How to Obtain a Patent in India: A Critique 

Amol Verma AND Shaurya Shukla
Chanakya National Law University, Patna

Volume III, Issue III, 2020

Patent works as a shield for a person’s new invention as it protects it from being manufactured, imported, and sold by someone else and a patent is granted for a fixed period of time by the government i.e. 20 years. If someone has made a new invention it is very necessary to get it patented because it gives one ability to protect his invention from being manufactured and sold without his/her consent from the date of issue of the patent. A patent provides the inventor exclusiveness as the inventor has the sole right of getting or obtaining profits from his invention for a period of 20 years. Patents adhere to a priority system which means that one who will get a patent for an invention first will have superior rights than subsequent patent holders. A registered patent holder has the power to grant a license to the people who want to use his invention in exchange of a royalty or fee and this feature of patent encourages people to become innovative and undertake more inventions because there is no better incentive than money which they can earn from licensing their patents.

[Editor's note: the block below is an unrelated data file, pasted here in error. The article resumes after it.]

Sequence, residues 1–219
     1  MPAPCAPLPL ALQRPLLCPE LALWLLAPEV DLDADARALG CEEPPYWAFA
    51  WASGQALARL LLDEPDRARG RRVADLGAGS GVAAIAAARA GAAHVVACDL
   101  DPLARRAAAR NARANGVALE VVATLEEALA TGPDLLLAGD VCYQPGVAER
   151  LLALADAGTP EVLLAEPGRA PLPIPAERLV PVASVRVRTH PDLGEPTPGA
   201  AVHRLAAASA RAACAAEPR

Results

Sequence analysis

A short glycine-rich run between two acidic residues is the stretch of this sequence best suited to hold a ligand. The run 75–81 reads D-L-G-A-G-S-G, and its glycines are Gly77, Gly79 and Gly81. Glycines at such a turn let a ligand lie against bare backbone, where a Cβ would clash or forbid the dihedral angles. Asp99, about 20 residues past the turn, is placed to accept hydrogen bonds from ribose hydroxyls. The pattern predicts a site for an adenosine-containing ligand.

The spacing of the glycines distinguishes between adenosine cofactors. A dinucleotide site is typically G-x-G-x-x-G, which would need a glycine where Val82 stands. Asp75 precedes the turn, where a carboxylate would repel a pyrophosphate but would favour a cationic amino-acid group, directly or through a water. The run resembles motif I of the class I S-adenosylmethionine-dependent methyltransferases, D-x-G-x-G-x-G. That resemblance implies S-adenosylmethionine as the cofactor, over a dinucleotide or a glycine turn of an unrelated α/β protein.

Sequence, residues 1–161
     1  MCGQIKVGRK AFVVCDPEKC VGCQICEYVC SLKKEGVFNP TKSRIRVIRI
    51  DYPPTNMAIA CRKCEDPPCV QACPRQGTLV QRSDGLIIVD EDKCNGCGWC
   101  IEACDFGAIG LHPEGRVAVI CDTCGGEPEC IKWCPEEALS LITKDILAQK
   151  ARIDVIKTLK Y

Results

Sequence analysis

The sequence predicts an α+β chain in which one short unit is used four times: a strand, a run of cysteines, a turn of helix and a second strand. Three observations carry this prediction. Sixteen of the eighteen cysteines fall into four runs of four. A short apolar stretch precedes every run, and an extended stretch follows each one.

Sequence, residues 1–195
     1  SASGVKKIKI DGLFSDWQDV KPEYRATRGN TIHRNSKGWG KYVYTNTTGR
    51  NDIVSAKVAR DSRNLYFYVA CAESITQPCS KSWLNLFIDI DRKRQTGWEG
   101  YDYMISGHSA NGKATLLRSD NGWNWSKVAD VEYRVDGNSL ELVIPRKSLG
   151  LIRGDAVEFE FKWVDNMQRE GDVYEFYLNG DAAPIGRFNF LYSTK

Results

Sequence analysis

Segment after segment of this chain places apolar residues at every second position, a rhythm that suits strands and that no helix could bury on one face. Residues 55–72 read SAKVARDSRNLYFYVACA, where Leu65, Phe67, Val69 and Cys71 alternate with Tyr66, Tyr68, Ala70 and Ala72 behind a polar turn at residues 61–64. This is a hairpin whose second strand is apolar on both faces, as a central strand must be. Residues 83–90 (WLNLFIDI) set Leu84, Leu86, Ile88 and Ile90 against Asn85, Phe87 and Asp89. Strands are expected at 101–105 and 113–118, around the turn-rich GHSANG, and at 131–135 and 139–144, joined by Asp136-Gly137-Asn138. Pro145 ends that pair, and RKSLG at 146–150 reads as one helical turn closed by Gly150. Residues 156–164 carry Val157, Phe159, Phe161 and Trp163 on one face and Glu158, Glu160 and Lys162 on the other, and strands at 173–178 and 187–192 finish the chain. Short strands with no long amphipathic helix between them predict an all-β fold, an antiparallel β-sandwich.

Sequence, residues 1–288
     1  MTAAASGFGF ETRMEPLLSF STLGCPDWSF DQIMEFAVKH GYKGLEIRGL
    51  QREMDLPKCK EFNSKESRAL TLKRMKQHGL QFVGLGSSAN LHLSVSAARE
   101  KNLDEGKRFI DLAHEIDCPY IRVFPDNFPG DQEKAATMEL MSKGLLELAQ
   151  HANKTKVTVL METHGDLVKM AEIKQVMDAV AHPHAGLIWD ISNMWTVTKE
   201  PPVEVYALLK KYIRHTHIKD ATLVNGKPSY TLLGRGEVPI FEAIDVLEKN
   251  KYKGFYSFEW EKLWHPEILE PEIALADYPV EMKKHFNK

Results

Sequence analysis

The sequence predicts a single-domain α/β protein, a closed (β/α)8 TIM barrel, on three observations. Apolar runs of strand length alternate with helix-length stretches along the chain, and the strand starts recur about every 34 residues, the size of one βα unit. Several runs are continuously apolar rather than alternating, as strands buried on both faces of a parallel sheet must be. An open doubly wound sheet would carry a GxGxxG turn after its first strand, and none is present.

In its very inception of the research paper, the authors have dealt with the meaning and types of patents. Further, the authors have delved deep into understanding the evolution and rise of the patent regime in India. In the subsequent chapter, the process of obtaining a patent has been analyzed. The fourth part deals with the renewal process of a patent. In the fifth part, the authors have discussed about the restoration of a lapsed patent. The paper has been concluded with a critical analysis of the patent regime in India, and suggestions to improve the same.


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